EMDR therapy FAQ

Are you looking for creative solutions to

  • negative thinking patterns
  • anxieties or excessive worry
  • disturbing memories of trauma or abuse
  • an experience that continues to feel disturbing or limiting when you remember it, e.g. a humiliation, a betrayal, a disappointment.
  • thoughts and ideas that prevent you from succeeding

EMDR therapy can help with this and more. Find out if EMDR therapy can benefit you by taking the EMDR therapy self-assessment quiz.

What is EMDR therapy?
EMDR (Eye Movement Desensitization and Reprocessing) therapy is a quick and powerful therapeutic method, proven by many research studies to be highly effective in reducing the symptoms of trauma. It was developed in 1989 by Francine Shapiro, PhD. You can read more about it here.

What is the difference between EMDR therapy and traditional therapy?
EMDR therapy is a structured therapeutic approach. In EMDR therapy, we will work collaboratively with you observing and reporting what comes up when you think about the memory, while I observe and guide the process. For resolving painful memories, EMDR therapy has been shown to work faster and more deeply than traditional talk therapy.

EMDR therapy is considered a breakthrough therapy because of its simplicity and the fact that it can bring quick and lasting relief for most types of emotional distress. In addition, unlike many other forms of therapy, EMDR therapy can be done with a separate therapist as an adjunct to psychotherapy you may already be engaged in. This would be most effective for a single traumatic event such as a car accident as opposed to a history of complex trauma such as childhood wounding, sexual abuse or family of origin issues.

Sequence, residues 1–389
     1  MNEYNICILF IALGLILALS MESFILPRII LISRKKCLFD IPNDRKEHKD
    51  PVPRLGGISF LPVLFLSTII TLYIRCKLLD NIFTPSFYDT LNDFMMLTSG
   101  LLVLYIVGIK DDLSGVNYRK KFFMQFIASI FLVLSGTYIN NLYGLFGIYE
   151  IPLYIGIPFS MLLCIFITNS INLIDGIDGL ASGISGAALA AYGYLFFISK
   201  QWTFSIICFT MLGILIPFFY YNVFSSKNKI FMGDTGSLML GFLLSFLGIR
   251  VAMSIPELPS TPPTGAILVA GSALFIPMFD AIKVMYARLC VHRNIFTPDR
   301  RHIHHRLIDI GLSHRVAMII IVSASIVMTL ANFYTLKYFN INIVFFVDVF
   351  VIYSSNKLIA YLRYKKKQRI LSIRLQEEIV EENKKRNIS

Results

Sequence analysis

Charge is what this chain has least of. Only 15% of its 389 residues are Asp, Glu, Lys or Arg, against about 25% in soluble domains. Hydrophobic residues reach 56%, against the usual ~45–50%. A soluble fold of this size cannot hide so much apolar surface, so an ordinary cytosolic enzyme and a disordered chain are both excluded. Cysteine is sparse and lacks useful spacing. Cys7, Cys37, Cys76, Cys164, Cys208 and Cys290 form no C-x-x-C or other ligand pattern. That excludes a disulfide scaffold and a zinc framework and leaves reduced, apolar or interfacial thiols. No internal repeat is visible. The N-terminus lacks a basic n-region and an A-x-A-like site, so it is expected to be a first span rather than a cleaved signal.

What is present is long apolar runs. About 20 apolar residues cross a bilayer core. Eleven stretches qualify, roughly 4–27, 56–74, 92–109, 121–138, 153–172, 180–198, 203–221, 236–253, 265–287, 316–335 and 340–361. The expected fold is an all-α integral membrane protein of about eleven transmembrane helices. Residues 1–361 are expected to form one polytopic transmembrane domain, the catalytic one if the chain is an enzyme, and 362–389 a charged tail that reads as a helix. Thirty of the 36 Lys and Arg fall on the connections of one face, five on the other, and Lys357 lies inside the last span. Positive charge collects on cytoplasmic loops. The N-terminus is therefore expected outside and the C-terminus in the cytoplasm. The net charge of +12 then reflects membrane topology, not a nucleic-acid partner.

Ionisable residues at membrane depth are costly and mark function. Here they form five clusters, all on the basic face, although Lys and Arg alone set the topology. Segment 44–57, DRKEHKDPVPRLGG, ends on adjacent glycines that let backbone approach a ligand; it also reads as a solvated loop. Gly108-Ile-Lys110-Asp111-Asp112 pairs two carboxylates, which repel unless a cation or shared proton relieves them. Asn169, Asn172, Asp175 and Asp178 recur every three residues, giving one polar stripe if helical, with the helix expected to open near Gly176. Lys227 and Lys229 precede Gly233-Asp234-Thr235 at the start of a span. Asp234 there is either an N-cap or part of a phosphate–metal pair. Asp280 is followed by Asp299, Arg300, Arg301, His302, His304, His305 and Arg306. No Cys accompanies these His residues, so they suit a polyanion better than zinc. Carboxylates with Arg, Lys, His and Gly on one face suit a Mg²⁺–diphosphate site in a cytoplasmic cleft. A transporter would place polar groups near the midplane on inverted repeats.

How or why does EMDR therapy work?
There are numerous research studies that show the effectiveness of EMDR therapy, but the mechanism behind it is still not fully understood. There are a number of proposed theories to explain how EMDR therapy works, such as that it is a similar mechanism to Rapid Eye Movement in sleep. Another theory is that when you are traumatized, the memory gets stuck in a part of the brain and that EMDR therapy helps your brain process the memory so that resources in other parts of your brain on both sides connect more effectively so that traumatic memories no longer trigger you to feel you are reliving the thoughts, feelings and body sensations you experienced when you went through the event.

EMDR therapy uses bilateral stimulation (right/left eye movements, tactile or auditory stimulation), which is believed to activate both sides of the brain, releasing emotional experiences that are traumatic or undigested.